You probably recognize the following yourself. Personally, in my decades of computer use, I have received new emails in my inbox every day. Many emails were really useful or necessary, but far more of them I had never actually opened and read. But I was too scared to throw them away. Instead I left all these emails just right there in my inbox, which meant that at a certain moment I had more than 90,000 unread emails without being able to find out which ones had no real value and which actually had to be read or had to be archived. The problem is that every day again this huge list of unopened emails stared at me like an overdue to do list and it was only growing instead of shrinking. And just as you want to finish your to do list as much as possible before the end of the day, you would also like to have your inbox as empty as possible if not completely empty. An empty inbox gives you peace of mind, so you can start every day with a clean slate. The latter is also called Inbox Zero. Inbox Zero (conceived by Merlin Mann and based on Getting Things Done by David Allen), however, is more than just an empty inbox. It is primarily a method to achieve that empty inbox and to actually deal with your unread mail in the right and most effective way. With Inbox Zero you go through processing, prioritizing and organizing steps. Everyone can do it in their own way, but basically it is advisable to think about a number of focussed folders or labels that support this approach. For example, create folders in your mail program for To do urgent, To do later, Done, Waiting for feedback, etc. And make sure that you have your inbox empty every day and that you have placed the most important mails in one of the folders for archiving , follow-up actions or just have junk deleted. Processing a little every day is easier to maintain than delayed but accumulated work that you need to handle all at once.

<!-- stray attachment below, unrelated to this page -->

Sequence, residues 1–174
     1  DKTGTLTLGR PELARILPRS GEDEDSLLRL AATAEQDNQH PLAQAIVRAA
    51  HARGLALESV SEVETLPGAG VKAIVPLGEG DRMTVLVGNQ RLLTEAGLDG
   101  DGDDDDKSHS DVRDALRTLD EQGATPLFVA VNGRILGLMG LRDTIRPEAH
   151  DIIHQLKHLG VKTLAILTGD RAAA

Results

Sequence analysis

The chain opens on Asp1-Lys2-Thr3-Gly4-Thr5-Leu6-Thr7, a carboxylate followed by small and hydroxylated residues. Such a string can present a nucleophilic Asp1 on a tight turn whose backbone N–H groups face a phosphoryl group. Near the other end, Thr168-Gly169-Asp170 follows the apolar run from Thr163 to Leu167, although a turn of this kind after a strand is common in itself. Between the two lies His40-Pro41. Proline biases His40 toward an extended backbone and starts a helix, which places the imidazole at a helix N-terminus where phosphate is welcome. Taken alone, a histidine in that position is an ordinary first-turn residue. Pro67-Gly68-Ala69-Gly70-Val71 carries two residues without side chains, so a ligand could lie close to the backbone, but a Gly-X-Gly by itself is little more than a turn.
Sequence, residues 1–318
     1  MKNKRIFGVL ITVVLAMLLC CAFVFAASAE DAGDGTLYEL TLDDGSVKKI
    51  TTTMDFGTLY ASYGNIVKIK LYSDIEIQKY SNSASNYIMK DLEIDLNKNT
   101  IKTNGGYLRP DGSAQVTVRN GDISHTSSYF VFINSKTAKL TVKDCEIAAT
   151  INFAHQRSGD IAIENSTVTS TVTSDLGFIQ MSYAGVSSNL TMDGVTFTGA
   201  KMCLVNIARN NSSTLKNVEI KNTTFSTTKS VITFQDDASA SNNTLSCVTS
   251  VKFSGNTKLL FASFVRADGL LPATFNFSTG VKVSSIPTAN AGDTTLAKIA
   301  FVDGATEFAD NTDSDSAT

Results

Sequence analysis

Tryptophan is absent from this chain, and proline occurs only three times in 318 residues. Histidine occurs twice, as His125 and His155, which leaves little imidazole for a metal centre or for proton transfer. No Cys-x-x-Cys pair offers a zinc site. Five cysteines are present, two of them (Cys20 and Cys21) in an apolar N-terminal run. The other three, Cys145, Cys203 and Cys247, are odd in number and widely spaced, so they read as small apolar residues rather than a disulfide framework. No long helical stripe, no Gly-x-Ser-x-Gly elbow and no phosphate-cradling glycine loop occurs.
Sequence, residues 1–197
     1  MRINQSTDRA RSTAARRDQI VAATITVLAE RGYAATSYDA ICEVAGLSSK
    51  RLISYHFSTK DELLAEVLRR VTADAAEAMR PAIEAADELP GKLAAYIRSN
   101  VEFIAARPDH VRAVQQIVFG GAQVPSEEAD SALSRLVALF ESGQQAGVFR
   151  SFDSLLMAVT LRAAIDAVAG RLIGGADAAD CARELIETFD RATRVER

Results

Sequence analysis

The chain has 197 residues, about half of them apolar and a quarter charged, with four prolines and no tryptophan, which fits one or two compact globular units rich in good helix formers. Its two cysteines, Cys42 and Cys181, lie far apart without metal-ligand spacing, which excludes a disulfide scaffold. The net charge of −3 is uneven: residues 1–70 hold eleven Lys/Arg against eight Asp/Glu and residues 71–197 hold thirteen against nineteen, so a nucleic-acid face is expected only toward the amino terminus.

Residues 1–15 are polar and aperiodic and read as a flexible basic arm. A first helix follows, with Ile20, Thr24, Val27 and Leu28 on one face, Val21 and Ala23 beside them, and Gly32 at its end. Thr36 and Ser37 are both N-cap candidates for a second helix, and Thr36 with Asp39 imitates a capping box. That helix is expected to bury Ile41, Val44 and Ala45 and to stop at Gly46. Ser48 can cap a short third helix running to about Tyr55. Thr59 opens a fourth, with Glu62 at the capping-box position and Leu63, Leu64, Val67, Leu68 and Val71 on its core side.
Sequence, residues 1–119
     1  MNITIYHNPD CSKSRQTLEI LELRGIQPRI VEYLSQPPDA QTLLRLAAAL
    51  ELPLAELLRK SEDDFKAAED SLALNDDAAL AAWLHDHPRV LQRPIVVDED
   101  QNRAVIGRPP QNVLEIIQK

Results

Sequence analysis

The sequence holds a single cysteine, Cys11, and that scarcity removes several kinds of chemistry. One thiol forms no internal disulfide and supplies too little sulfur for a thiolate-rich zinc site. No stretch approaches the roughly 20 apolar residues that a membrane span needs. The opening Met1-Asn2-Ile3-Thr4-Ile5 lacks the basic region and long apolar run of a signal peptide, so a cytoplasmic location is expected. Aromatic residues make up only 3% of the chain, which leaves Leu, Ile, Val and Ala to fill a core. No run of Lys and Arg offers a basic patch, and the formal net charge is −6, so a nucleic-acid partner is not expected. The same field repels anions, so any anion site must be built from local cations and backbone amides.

Unsubscribe from subscriptions

Strongly related to Inbox Zero is the unsubscribing of many digital subscriptions to newsletters and websites. I myself am an information junky and interested in an enormous diversity of topics and, like so many other people, I am afraid of missing something important. This interest and fear combined led to the situation that I had subscribed to literally hundreds of online newsletters. However, the result was that every day my mailbox was filled with new news items and didn’t have the time to actually read these newsletters. There were so many of them that it was impossible for me to read them all. And if you don’t have time to read something, it’s better to only focus on the most important or interesting newsletters and get rid of the rest. Quality goes beyond quantity. Try to think carefully about which newsletters you simply can and can’t live without and click directly on the unsubscribe button for those you can miss.